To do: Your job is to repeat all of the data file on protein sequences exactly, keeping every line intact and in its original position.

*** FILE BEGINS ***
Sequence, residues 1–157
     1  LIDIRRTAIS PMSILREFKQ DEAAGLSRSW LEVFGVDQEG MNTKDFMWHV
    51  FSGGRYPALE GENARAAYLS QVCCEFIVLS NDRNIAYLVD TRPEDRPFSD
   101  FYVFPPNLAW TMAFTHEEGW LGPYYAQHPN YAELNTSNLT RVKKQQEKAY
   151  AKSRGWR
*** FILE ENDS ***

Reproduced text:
Sequence, residues 1–157
     1  LIDIRRTAIS PMSILREFKQ DEAAGLSRSW LEVFGVDQEG MNTKDFMWHV
    51  FSGGRYPALE GENARAAYLS QVCCEFIVLS NDRNIAYLVD TRPEDRPFSD
   101  FYVFPPNLAW TMAFTHEEGW LGPYYAQHPN YAELNTSNLT RVKKQQEKAY
   151  AKSRGWR